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March 29, 2024

Jim Segrave on Being Part of a Larger Cause

flyExclusive's founder, chairman and CEO discusses the company’s private journey to become a public company.

By Doug Gollan

While jets from its nearly 100-jet fleet frequently visit New York, Palm Beach, Aspen, Scottsdale, Los Angeles and other profile destinations, the place flyExclusive calls home is in the rural eastern region of North Carolina. The area is dotted by farmlands, woods and lakes. Once upon a time, the region was known for manufacturing furniture and clothing. Of course, that was before many of those jobs moved overseas. It made it difficult to stay in the area and, in fact, the population of Lenoir County is about the same as 60 years ago.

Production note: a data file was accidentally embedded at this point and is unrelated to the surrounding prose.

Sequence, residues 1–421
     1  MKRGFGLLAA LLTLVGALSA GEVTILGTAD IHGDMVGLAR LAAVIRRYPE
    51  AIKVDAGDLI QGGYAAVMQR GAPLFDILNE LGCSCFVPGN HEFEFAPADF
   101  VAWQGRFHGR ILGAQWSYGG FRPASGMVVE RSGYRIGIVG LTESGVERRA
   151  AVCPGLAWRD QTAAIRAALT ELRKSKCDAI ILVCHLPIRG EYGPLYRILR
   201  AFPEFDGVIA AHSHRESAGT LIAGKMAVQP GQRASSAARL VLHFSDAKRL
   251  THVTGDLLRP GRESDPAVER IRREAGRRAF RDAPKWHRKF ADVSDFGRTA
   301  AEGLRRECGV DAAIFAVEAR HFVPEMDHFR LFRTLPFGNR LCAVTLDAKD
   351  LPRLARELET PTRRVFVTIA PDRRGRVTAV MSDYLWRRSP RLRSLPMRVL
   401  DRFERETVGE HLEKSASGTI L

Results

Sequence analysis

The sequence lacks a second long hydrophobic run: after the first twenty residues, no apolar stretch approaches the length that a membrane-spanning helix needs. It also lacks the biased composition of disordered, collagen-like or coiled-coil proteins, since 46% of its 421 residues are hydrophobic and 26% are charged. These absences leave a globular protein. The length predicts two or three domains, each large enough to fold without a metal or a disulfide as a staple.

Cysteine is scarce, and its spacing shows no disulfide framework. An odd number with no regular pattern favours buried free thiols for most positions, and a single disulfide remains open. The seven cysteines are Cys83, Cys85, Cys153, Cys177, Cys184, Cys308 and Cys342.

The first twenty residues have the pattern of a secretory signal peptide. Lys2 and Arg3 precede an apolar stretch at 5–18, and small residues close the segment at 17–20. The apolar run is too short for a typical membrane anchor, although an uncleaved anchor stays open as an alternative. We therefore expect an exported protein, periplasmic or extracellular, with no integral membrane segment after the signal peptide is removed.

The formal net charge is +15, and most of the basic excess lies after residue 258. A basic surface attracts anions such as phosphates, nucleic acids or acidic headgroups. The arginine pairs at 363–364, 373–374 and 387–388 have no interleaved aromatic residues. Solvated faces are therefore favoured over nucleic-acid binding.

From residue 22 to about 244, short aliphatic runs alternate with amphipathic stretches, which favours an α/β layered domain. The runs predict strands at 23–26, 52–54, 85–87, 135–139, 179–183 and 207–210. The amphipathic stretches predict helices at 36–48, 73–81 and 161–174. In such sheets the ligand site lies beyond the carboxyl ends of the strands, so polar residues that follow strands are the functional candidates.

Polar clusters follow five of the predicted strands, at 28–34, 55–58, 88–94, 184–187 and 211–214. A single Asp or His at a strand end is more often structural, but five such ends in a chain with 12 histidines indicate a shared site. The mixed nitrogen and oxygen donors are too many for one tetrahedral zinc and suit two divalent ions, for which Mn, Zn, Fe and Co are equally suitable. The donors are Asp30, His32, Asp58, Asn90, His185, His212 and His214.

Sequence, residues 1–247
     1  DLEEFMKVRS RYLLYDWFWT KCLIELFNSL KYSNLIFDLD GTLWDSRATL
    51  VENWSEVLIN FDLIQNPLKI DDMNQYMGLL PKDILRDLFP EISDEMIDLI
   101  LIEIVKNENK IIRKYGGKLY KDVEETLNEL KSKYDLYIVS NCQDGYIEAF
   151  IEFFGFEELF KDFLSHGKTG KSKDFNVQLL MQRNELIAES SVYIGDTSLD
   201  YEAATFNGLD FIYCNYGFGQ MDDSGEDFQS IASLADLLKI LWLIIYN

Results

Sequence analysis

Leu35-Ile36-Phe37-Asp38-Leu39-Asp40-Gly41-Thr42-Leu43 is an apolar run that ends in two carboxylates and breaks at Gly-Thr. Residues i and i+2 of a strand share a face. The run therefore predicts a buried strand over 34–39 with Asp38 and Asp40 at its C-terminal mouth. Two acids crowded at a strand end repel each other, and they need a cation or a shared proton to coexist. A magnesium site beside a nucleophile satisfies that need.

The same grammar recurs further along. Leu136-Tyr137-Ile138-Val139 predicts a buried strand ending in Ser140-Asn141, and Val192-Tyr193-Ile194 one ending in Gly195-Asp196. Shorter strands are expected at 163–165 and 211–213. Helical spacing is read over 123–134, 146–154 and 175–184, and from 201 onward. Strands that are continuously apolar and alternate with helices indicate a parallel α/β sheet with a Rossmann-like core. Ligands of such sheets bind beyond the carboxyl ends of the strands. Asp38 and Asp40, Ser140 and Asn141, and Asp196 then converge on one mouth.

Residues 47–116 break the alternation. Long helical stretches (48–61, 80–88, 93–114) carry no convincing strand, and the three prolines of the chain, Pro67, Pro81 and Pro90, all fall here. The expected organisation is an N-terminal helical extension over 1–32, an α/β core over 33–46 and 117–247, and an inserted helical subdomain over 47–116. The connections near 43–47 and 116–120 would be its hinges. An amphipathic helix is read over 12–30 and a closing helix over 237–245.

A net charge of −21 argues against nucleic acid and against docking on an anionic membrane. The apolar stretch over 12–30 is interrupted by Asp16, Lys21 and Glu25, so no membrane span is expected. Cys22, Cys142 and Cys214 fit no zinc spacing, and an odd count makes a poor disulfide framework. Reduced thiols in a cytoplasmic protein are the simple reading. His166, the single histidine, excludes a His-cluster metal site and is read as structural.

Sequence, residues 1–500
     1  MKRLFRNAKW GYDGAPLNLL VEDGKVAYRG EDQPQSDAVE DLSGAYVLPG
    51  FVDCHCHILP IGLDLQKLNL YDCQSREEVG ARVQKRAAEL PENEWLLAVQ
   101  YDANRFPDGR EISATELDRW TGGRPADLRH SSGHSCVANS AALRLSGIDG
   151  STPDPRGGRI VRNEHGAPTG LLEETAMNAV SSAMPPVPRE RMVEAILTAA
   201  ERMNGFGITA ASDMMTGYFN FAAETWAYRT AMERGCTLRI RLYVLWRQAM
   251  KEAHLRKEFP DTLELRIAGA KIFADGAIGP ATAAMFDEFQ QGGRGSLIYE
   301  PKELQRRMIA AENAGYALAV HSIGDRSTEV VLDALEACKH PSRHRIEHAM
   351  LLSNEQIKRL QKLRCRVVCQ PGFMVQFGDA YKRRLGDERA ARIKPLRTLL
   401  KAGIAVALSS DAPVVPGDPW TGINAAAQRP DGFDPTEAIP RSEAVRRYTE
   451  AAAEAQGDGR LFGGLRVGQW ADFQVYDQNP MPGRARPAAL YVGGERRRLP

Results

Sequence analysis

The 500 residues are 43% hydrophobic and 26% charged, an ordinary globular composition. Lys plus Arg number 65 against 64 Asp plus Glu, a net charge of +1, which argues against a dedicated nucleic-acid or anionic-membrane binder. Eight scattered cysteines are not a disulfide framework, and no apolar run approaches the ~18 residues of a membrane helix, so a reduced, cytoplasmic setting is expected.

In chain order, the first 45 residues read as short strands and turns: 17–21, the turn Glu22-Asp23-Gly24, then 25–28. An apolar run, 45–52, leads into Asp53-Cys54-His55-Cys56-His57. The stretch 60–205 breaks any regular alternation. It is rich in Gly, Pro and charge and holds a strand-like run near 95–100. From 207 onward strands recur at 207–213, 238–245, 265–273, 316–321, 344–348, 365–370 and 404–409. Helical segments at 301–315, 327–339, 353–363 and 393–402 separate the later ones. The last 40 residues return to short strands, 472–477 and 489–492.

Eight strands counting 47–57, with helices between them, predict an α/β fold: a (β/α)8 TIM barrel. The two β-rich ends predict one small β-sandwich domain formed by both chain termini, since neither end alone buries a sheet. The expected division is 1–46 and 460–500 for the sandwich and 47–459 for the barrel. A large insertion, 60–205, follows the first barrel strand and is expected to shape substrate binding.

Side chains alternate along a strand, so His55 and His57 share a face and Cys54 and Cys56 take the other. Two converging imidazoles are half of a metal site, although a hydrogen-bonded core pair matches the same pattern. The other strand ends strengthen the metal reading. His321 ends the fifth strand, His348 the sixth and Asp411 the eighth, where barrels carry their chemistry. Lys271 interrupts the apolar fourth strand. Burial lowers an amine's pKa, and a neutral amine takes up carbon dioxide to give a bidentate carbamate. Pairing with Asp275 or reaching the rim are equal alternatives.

Few of flyExclusive’s customers visit Kinston Regional Jetport, where the company is based. However, its feature as one of the longest runways east of the Mississippi at 11,500 ft and positioning about halfway between New York and South Florida, one of private aviation’s busiest flight paths, provides an ideal location. In fact, it is the second time that the former military base has served as headquarters for a private jet operator.

It’s where Jim Segrave started Segrave Aviation in the mid 1990s before selling it to Delta Air Lines in 2010. After the airlines merged it with Delta AirElite to form Delta Private Jets, Segrave eventually left, but so did the buyer. Delta consolidated operations in Cincinnati, once again leaving Kinston feeling the pain as jobs moved away. But this time would be different. Segrave, whose family has called the area home for more than 150 years, saw the empty office spaces and hangars as well as former employees who were anxious for something new. In 2015, he launched flyExclusive.